After the big snowfall, comes the big freeze.
Gov. Ned Lamont called it a “heavy storm,” dumping between 8 and 14 inches around the state, mostly during the overnight hours into Thursday morning.
The snow ended late Thursday morning and was followed by partly sunny skies and temperatures a few degrees above freezing in southern Connecticut.
The National Weather Service says temperatures will fall into the teens to low 20s across Connecticut Thursday night.
After a brief warmup Thursday afternoon, temperatures dropped and will remain below freezing through Saturday night, according to the NWS.
Temperatures are also expected to fall a few degrees below normal late next week.
The NWS reported most of Connecticut saw around 8 inches of snowfall, with some spots in the central part of the state receiving about a foot. The coastal cities of Bridgeport, New Haven and New London saw closer to 6 inches, according to the NWS.
The worst of the storm came overnight and into early Thursday morning. There was a brief period of strong wind gusts as high as 40 mph.
Despite earlier concerns of widespread power outages, Eversource’s peak outages were about 400 by Thursday afternoon. Eversource said it had 475 line workers, 250 tree crews and 120 to 130 damage assessors ready to respond to outages caused by the storm as needed.
United Illuminating reported more than 650 outages, with nearly 500 in Trumbull that were restored by Thursday afternoon.
By around 5:30 p.m., outages reported by Eversource had dropped to just 15 statewide, with five of them in Wilton. UI reported one outage in New Haven affecting two customers around the same time.
State Police reported no fatal accidents on the roads Thursday. Troopers responded to 59 accidents and more than 200 incidents of assisting motorists.
Lamont said more 700 state Department of Transportation plow trucks worked through the night and into Thursday to clear the roads.
Tractor-trailers and tandem trailers were banned from limited access highways from 9 p.m. Wednesday until 9 a.m. Thursday, which Lamont said was a big help for plows keeping up with snow on the roadways. Neighboring states issued similar bans.
Lamont said he believed “less than a dozen” trucks stayed overnight at Hammonasset Beach and Sherwood Island state parks due to the ban.
“A tractor trailer spinning out, gets out of control, can jam up traffic, can slow up snow plowing,” Lamont said. “Takes a lot of cops to get that cleaned up. I think it made a big difference and allowed us ... to get the roads back up and operable a lot faster.”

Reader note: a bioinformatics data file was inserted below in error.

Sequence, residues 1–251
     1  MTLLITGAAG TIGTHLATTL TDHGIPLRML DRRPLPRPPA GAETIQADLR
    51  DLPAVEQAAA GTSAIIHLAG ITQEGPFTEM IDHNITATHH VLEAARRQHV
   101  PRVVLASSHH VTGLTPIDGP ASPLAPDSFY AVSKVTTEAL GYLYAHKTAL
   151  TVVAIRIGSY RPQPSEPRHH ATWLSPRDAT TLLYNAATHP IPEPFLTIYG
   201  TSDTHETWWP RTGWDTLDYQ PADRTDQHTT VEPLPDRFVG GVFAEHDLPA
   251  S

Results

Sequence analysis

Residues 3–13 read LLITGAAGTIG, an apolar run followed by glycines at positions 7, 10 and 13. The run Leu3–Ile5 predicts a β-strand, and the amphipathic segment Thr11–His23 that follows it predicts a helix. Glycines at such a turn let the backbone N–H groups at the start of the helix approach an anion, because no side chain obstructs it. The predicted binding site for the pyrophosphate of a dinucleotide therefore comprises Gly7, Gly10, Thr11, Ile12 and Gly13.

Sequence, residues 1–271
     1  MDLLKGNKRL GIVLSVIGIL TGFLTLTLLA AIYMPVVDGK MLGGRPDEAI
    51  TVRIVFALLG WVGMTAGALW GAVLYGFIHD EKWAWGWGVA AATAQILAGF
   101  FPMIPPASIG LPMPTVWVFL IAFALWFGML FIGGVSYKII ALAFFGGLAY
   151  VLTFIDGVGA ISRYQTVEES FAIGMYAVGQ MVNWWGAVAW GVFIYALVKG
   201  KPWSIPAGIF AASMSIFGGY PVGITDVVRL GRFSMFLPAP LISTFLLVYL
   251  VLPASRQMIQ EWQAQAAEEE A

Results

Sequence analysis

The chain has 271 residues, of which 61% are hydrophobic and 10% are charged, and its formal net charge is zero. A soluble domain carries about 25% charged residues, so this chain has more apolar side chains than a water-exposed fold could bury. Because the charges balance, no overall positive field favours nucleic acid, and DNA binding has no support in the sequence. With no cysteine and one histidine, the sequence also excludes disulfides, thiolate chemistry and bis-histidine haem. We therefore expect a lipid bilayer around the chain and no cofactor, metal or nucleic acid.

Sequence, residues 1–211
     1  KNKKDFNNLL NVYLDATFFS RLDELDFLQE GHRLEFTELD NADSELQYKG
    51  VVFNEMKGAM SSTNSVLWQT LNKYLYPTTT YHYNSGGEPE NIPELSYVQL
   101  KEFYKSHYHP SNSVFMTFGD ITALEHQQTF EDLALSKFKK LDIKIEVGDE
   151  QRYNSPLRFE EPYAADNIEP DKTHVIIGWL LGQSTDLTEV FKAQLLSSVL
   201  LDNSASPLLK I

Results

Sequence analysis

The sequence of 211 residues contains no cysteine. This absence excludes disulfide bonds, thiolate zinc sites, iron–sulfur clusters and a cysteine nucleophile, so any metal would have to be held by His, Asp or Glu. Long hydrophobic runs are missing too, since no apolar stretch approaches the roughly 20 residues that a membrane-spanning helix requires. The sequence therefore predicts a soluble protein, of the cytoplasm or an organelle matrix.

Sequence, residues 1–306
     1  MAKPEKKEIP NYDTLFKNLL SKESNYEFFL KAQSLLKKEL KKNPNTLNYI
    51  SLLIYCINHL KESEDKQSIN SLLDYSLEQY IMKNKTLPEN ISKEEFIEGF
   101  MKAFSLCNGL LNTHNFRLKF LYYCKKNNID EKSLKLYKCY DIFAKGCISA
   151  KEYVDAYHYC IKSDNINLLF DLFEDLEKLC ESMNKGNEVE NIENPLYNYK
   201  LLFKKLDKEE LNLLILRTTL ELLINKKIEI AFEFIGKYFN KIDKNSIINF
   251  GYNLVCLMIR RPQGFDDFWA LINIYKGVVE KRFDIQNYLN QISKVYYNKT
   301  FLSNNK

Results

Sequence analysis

Despite the travel conditions, Lamont said there were no delays of any COVID-19 vaccine deliveries in Connecticut.
“We got all of them over the last couple of days,” he said, adding they reached the nursing homes as well. “I don’t think there should be any delays.”
Some COVID-19 testing sites were also closed due to the storm. Hartford HealthCare, which operates several drive-through test sites, announced all would close Thursday and urged residents to get a test before or after the storm.
Josh Geballe, the state’s chief operating officer, said that while test sites had closed, he didn’t expect a “major backup” in testing due to the storm.
Lamont said beyond the tractor-trailer ban, residents also limited their travel, allowing for more efficient plowing efforts. He said Eversource and United Illuminating had staff pre-positioned around the state in the event of major outages because of the storm.
In New Haven, officials said plows are working hard, but a lot more needs to be done. Many vehicle owners moved their cars from the streets, officials said, making plowing easier.
Fairfield Fire Chief Denis McCarthy said the timing of the storm, with the worst hitting during the overnight hours, helped officials stay on top of the cleanup in town.
“It made it a much easier and safer storm to contend with,” McCarthy said. “Roads were extremely quiet.”
In New York, the inclement weather canceled at least two flights at Westchester County Airport Thursday morning. A JetBlue flight to Fort Lauderdale at 8:15 a.m. and another to Fort Myers at 8:30 a.m. were canceled.
Leading up to the nor’easter, state officials urged residents to stay home until roads were cleared and safe for travel. Many school districts announced by Wednesday afternoon that classes would either be canceled or held remotely Thursday.
Activated Wednesday, the state’s severe cold weather protocol remains in effect through noon Friday. Anyone in need of shelter can call 211 or visit www.211ct.org/.
Staff Writer Peter Yankowski contributed reporting
This is a developing story. Check back for updates.